Posts tagged ‘archaeological ethics’


Sotheby’s blood antiquities from Cambodia

In Cambodia (as elsewhere), looting and smuggling are associated with poverty and corruption. Academic collusion is key to the ostensibly legal antiquities market. (Dr. Emma Bunker, who confirmed that Sotheby’s statue was ‘definitely stolen’, nonetheless advised them to sell the statue privately, or to sell the statue publicly without mentioning the scene of the crime, but either way to ignore legal advice.) And it is an illicit trade steeped in blood.

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Don’t mention the feet! I mentioned them once, but I think I got away with it. Cambodia looting and academic collusion.

Chasing Aphrodite has a great piece on a fascinating (i.e. ugly) case, in which Sotheby’s auction house’s internal e-mails reveal that it knew it was handling and trying to sell a ‘definitely stolen’ statue. I just want to tease out some of the lowlights of academic collusion in this particular case of illicit antiquities trafficking and trading.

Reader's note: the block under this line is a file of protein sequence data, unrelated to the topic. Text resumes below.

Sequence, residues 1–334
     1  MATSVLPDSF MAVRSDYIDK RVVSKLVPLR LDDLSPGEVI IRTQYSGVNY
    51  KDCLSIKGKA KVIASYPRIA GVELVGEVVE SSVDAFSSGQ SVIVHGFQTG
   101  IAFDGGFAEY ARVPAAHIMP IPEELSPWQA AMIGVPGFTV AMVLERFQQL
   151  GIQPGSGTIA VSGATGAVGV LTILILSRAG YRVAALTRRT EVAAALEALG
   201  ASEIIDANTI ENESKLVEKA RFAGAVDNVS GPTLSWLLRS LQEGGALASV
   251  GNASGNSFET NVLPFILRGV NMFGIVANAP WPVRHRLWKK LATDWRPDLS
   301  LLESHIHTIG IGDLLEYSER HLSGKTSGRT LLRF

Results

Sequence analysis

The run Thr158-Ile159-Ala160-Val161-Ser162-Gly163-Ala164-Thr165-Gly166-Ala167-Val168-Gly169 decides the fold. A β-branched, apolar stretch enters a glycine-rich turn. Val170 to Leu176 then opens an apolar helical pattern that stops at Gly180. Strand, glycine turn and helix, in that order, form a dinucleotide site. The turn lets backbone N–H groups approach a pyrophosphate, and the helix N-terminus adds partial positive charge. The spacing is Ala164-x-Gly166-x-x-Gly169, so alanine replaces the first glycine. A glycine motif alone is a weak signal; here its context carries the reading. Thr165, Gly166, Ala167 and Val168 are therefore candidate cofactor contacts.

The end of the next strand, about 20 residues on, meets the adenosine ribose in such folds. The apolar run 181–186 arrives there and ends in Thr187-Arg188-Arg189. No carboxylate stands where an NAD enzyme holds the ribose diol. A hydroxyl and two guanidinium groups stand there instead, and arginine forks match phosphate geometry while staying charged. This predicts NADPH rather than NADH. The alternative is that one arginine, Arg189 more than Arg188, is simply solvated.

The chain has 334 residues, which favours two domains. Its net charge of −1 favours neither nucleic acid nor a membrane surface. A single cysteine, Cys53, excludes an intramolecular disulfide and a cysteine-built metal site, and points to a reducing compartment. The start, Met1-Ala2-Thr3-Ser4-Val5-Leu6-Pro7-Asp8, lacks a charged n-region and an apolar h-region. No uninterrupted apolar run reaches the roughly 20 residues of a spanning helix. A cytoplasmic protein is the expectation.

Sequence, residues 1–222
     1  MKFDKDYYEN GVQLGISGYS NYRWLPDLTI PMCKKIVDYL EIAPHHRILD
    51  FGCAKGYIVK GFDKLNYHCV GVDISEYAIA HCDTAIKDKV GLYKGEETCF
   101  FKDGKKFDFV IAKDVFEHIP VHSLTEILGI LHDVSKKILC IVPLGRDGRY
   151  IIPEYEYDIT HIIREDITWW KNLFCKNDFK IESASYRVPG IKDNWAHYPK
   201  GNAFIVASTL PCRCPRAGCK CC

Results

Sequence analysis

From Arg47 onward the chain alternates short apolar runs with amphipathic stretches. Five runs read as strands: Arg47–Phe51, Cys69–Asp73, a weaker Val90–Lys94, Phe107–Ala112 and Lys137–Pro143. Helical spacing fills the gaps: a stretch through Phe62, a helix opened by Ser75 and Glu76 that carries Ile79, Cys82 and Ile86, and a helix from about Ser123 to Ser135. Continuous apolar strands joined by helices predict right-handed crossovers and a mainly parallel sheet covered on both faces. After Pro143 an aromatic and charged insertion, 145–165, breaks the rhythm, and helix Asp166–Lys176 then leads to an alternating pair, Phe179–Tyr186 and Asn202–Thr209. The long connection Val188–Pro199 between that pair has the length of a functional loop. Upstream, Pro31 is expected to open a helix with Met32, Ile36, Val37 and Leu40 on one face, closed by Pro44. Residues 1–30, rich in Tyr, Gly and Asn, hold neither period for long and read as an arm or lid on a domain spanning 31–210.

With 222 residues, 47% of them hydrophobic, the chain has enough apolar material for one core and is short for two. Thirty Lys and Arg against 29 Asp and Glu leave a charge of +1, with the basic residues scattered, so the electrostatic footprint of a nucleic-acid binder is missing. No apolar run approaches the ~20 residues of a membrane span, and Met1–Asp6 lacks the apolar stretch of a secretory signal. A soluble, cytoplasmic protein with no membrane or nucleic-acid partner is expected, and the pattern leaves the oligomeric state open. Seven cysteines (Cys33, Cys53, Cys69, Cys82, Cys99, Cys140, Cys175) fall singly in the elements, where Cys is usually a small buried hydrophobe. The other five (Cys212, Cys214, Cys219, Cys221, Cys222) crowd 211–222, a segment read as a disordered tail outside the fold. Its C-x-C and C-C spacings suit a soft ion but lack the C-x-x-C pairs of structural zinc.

Remarkably, Dr. Emma Bunker, the scholar who affirmed that the statue was ‘definitely stolen’, variously advised Sotheby’s: not to sell the statue publicly; to sell the statue publicly, but not to acknowledge the existence of a crime scene; and to ignore legal advice.

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The AAN has repeated its allegations of Frankfurt archaeologists looting in Nigeria; but it has provided no evidence

I have the AAN’s response to the Frankfurt archaeologists’ defence.

It is an eight-page response, so this is a tl;dr post (of more than 2,500 words). I’ve included a depressing summary for those who can’t face the depressing whole; or, a reassuring summary for those who can’t be bothered with the reassuring whole.

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